The Directorate General of Civil Aviation on Tuesday banned the operation of wide-body aircraft at the Karipur International Airport in Kerala’s Kozhikode city, four days after an Air India plane overshot the airport’s runway, killing at least 18 people and injuring over 100 others, PTI reported.
Wide-body aircraft have a bigger fuel tank and a need a longer runway to take off and land. The length of Kozhikode airport’s table top runway is about 2,700 metres. Wide-body aircraft were allowed to operated from the airport in 2019.
Directorate General of Civil Aviation Chief Arun Kumar told The Times of India that the aviation watchdog has begun an audit at about 12 airports in metro cities and areas prone to heavy rainfall to look into factors such as runway friction and navigation. “Teams are being formed for this audit that is likely to be completed in a fortnight,” he said.
An unidentified DGCA official said that the time period for which the ban will be imposed has not been decided yet. “We will wait for the monsoon to get over and as a means of abundant caution we are doing it,” he was quoted as saying by PTI.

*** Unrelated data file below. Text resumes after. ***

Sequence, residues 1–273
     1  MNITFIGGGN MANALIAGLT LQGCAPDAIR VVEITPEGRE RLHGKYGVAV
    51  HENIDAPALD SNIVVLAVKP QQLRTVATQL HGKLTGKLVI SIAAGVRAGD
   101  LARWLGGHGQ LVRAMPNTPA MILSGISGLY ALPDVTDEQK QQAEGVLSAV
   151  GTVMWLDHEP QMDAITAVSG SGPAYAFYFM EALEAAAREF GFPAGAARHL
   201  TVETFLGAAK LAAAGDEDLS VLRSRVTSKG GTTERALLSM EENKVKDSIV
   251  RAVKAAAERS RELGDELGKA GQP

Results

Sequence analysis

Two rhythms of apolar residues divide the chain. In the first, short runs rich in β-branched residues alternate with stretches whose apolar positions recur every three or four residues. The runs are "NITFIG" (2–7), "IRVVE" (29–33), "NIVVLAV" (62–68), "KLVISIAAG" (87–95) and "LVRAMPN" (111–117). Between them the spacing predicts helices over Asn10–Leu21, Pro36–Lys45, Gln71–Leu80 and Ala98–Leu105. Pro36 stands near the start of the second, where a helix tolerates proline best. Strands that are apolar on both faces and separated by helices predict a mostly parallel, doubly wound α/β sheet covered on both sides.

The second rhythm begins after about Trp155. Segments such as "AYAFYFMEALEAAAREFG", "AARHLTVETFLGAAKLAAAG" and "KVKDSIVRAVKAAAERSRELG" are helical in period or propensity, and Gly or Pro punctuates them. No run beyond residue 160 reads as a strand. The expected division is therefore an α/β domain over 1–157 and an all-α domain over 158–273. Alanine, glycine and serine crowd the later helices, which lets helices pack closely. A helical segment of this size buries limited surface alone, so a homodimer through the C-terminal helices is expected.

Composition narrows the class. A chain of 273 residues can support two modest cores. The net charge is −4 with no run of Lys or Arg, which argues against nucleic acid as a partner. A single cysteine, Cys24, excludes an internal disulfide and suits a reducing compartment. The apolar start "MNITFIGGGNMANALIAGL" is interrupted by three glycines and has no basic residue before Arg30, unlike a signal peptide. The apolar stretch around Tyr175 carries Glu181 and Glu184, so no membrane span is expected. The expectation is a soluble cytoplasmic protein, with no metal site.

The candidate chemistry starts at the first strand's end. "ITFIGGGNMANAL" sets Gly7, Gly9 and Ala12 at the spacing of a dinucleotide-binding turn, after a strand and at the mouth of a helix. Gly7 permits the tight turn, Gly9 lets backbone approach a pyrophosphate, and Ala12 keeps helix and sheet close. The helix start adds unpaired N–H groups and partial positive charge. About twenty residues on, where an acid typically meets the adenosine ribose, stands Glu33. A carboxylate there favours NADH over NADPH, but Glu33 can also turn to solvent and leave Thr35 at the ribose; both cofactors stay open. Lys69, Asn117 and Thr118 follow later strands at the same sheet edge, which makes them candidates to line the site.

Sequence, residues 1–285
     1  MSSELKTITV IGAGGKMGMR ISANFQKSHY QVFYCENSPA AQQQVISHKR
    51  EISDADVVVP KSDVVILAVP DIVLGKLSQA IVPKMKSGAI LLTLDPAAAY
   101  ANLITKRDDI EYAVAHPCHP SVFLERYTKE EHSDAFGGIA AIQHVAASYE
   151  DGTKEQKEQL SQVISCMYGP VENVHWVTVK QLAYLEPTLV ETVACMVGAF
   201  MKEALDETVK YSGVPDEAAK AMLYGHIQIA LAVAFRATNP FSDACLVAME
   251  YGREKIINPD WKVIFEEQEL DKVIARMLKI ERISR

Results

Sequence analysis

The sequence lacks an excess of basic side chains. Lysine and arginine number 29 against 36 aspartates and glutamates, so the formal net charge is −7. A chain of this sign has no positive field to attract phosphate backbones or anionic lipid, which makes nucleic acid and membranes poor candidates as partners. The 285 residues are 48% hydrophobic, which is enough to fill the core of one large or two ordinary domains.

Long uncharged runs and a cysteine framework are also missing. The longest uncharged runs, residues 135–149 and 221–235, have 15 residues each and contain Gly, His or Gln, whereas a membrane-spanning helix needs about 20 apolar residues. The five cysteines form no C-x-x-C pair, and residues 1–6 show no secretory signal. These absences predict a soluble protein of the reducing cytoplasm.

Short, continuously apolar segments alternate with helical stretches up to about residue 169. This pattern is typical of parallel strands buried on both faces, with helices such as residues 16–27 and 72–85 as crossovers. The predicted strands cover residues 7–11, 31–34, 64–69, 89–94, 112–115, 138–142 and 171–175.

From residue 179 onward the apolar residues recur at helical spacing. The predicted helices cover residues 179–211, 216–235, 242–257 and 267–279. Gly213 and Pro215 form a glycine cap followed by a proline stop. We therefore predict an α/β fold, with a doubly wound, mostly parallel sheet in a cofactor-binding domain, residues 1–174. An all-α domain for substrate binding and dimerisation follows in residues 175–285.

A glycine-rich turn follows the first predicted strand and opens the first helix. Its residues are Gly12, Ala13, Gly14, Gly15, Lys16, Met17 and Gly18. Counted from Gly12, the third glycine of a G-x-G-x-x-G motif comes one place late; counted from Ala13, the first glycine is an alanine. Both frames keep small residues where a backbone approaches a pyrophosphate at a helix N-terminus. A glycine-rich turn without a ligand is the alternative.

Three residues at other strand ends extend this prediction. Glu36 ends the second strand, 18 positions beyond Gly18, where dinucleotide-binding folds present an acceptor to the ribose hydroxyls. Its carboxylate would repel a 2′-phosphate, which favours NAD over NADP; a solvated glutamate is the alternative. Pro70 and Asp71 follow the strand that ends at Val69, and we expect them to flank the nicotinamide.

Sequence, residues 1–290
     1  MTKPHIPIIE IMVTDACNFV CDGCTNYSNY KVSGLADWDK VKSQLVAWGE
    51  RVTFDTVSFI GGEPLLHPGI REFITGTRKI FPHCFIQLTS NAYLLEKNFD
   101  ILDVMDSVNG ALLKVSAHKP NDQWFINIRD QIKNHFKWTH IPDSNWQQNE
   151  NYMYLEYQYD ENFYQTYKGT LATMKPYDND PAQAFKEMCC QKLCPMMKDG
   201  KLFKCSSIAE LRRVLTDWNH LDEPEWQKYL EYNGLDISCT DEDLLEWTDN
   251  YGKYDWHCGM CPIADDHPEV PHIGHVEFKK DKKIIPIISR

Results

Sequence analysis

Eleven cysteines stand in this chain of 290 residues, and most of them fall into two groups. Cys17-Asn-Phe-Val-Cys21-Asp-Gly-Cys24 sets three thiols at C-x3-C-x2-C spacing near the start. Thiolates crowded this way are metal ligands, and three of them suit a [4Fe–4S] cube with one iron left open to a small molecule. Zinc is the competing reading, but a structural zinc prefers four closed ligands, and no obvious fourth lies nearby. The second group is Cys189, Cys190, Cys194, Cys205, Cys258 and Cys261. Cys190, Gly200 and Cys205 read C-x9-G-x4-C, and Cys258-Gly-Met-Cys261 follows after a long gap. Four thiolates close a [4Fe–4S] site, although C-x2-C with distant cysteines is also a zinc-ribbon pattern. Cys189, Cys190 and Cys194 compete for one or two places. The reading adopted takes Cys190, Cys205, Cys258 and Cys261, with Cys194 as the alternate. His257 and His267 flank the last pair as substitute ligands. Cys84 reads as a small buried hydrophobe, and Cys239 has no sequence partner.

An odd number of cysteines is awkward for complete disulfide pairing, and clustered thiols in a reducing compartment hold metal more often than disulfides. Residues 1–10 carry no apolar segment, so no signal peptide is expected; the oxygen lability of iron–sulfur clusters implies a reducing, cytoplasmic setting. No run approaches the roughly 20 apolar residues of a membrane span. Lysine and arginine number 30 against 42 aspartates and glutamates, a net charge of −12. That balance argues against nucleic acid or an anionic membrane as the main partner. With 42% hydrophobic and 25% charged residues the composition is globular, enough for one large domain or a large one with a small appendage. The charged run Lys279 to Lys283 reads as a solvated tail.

Air India’s Boeing-737 flight from Dubai, repatriating Indians stranded due to the coronavirus pandemic, overshot the Kozhikode airport’s table-top runway amid heavy rain on Friday, tumbled into a valley and split into half. The plane was carrying 190 passengers and crew.
After the crash, the Centre faced criticism for ignoring safety concerns raised by aviation experts about the airport. A report on aviation safety submitted to the Ministry of Civil Aviation in 2011, revealed the runway at the airport was unsafe for flight operations due to inadequate safety area along the runway and at the end of it to stop planes from skidding off. Other experts said that the government did not act to address the safety concerns.
On Monday, Civil Aviation Minister Hardeep Singh Puri claimed that the airport was equipped with safety measures as per the International Civil Aviation Organization’s guidelines.